First New Type of Chocolate Discovered in 80 Years is Naturally Pink

Scientists are our best bet for saving the world from our own destructive habits, but we also need their help in making it a world worth saving. Fortunately, some brave men and women in lab coats (and aprons) have done just that, because they recently discovered the first new kind of  chocolate in 80 years. Ruby is only the fourth type of chocolate ever found, and despite what you might think from its appearance, it isn’t made with any food dye or berries. That’s right, the newest sweet is naturally pink.In a press release from the chocolate company Barry Callebaut (which we learned about at Cosmopolitan), they announced Ruby chocolate, “made from the Ruby cocoa bean through a unique processing [that] unlocks the flavor and color tone naturally present in the Ruby bean.”Okay, but while adding another chocolate to go besides milk, dark, and white is obviously exciting, what about the really important question: how does it taste?

“The fourth type in chocolate offers a totally new taste experience, which is not bitter, milky or sweet, but a tension between berry-fruitiness and luscious smoothness.”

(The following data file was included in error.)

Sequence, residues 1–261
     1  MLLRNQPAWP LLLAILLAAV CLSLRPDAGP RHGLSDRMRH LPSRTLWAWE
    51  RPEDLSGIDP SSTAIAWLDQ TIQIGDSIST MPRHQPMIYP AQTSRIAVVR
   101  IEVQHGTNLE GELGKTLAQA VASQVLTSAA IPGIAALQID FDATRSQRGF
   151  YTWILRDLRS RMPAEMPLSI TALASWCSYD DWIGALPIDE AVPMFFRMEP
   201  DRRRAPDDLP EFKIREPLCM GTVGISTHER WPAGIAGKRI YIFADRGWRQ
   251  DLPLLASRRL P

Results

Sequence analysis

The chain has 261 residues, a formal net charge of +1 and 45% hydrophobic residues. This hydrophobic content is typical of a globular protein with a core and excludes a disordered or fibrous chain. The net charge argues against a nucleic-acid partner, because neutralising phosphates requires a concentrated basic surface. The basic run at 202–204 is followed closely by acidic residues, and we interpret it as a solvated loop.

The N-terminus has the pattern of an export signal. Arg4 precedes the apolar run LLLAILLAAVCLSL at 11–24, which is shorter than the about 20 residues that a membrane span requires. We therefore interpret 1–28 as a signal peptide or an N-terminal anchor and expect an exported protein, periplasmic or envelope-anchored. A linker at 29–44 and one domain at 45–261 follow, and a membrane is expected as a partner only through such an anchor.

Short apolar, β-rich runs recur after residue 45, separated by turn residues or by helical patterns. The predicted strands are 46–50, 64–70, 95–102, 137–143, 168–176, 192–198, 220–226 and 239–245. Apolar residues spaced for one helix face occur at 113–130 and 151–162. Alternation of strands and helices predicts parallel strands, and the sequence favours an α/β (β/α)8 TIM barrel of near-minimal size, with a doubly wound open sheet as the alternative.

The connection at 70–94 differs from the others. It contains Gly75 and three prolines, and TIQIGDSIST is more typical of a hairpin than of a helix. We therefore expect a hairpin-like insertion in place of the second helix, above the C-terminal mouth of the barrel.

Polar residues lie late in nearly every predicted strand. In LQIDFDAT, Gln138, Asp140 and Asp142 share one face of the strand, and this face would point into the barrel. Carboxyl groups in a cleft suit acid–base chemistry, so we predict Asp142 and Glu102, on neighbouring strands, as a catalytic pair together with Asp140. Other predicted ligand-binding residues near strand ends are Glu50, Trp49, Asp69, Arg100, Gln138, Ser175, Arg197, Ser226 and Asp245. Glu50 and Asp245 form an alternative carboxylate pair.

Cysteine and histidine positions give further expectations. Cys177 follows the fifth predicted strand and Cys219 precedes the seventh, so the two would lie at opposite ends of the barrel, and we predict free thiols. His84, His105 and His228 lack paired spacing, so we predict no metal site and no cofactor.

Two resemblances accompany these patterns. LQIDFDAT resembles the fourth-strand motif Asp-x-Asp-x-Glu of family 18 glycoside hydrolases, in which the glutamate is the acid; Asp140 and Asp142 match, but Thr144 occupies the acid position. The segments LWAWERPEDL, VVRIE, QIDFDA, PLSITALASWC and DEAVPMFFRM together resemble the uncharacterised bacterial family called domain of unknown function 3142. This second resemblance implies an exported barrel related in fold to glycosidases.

So even though no berries are added to the chocolate, it still has a berry-like flavor. But just how “luscious” is this new treat? We’d better check it out for ourselves. It’s the least we can do to thank the brave scientists working to make this world a better place. Good thing they also announced “Ruby, like Dark, Milk and White chocolates will be introduced in different product categories.”

Are you ready for the first new type of chocolate in 80 years? It would be sweet if you told us your thoughts in the comments below.

Images: Barry Callebaut

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